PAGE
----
A replacement for this trading system will be needed post-Brexit. At the moment, following a consultation earlier in the year, this will involve transposing the mandatory elements of the revised ETS Directive into domestic legislation, with the exception of regulatory responsibility for carbon capture and storage, though it is likely that heavy industries will lobby heavily for higher thresholds or more allowances.
“All eyes will now be on COP26 in Glasgow to restore much-needed confidence in this process and deliver the action necessary to restore a safe climate and safeguard humanity’s future. The stakes are so high and public concern irrefutable,” said WWF UK CEO Tanya Steele.
She is among many who have urged Boris Johnson’s new government to lead the world on climate change at the Glasgow talks to ramp up global action to the level that is desperately needed.
Trade and climate
Johnson has also said he plans to enlarge the Government’s Trade Department, possibly with Michael Gove at the helm, to combine international trade, inward investment and the new regional agenda.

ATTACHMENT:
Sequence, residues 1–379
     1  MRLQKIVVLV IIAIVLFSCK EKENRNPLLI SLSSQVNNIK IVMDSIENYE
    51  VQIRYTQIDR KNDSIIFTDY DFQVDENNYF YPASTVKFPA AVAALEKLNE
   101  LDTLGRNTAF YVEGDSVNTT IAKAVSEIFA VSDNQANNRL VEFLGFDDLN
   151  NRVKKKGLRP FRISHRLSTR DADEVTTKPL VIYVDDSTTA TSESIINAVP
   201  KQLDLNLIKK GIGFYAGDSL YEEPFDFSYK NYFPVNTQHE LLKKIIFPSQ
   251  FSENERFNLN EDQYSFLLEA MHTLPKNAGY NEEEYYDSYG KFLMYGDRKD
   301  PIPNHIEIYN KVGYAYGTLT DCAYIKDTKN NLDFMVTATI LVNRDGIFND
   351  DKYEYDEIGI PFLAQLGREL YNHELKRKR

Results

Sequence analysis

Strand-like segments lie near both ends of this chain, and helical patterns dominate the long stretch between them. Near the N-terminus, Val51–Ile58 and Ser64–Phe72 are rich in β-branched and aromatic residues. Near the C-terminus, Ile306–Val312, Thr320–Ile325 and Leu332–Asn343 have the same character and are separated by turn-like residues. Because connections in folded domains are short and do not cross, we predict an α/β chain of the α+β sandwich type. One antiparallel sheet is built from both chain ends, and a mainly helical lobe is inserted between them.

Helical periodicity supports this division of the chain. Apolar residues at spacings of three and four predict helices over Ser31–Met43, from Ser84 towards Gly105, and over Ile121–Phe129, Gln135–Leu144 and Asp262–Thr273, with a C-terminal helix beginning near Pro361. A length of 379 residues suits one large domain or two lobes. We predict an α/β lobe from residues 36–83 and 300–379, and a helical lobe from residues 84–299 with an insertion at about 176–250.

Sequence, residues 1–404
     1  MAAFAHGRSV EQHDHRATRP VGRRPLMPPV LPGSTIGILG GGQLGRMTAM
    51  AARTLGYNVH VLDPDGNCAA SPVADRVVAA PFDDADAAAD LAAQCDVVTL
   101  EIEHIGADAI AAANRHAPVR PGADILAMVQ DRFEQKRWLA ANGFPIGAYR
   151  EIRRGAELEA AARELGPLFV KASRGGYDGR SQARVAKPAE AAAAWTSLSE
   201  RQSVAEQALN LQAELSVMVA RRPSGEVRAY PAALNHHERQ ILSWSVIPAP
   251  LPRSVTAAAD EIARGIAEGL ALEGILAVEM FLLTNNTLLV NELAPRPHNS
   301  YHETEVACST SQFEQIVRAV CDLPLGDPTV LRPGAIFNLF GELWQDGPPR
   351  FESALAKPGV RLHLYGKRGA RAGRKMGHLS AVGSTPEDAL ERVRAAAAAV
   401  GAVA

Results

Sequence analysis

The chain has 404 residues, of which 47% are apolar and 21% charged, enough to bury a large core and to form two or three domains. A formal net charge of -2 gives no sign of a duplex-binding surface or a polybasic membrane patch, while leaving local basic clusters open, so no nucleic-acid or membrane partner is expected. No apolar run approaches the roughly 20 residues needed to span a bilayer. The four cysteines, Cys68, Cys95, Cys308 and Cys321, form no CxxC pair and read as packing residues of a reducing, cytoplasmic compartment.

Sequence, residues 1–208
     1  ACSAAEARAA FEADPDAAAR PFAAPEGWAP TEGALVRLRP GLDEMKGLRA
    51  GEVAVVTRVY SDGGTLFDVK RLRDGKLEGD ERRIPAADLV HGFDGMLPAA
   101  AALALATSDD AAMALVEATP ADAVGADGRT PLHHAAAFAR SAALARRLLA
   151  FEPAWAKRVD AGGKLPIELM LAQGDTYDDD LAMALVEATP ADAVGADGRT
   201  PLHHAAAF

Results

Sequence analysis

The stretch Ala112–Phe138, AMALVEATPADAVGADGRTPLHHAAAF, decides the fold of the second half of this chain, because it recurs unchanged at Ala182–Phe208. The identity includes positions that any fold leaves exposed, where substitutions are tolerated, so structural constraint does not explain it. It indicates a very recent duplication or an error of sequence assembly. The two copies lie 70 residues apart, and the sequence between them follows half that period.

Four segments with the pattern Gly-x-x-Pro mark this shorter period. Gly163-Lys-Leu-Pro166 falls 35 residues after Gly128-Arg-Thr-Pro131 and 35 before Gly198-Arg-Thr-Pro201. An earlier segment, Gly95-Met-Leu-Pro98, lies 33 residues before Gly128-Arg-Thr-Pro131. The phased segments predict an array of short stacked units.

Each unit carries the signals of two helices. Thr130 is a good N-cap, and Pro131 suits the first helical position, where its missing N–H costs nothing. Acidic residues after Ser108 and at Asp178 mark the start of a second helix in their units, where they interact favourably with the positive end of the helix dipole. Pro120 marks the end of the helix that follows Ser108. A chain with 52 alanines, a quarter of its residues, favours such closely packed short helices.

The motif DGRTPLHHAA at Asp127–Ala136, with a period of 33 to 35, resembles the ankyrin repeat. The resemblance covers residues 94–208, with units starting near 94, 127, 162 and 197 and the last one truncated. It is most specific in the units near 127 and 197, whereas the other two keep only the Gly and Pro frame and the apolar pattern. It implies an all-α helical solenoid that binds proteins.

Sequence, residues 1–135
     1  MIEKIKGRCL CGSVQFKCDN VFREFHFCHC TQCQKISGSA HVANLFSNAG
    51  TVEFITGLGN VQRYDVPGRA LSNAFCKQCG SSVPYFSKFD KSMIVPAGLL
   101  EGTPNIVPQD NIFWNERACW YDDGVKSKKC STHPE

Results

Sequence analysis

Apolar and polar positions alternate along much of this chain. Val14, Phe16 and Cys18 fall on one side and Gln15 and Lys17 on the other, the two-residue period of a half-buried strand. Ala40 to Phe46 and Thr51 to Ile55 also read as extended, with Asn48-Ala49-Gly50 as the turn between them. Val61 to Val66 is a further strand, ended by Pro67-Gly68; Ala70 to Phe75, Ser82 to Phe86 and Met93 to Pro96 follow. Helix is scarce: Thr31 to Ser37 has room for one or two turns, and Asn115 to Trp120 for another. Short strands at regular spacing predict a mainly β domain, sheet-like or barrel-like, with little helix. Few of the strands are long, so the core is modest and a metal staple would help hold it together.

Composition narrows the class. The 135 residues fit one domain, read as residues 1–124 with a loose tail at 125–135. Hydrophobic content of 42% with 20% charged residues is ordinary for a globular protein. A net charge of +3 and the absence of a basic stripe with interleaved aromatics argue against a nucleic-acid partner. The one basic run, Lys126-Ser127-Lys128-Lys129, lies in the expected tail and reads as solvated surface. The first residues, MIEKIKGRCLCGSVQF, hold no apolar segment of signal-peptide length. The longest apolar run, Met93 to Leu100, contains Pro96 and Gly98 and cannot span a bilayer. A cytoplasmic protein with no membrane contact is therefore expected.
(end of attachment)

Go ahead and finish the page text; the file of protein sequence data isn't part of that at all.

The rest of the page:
Since the start of the Trump years, trade has been increasingly used as a lever to further policy goals, and all trade deals impact upon the climate.
The US, which is dropping out of the Paris Agreement, has already signalled that it will not discuss climate change as part of its trade talks with Britain. Yet the EU has plans to impose a border tax on countries that do not cut greenhouse gases as part of the new Green New Deal.
The UK will not be able to face both ways, so this will be a crunch test of the willingness of the new administration to stick to its rhetoric on climate change.
With the demise of the importance of the World Trade Organisation’s trade rules, due to the boycott by the US, and with post-Brexit trade talks influencing the international agenda, the newly expanded British trade department has a chance, like the EU, to use trading conditions to promote its standing on the world stage as a leader on climate change: if you want to sell to us, cut your emissions along our supply chains.
This would indeed demonstrate true climate leadership.
David Thorpe is author of the books TheOne Planet Life and the new One Planet Cities. He also runs online courses such as Post-Graduate Certificate in One Planet Governance. He is based in the UK.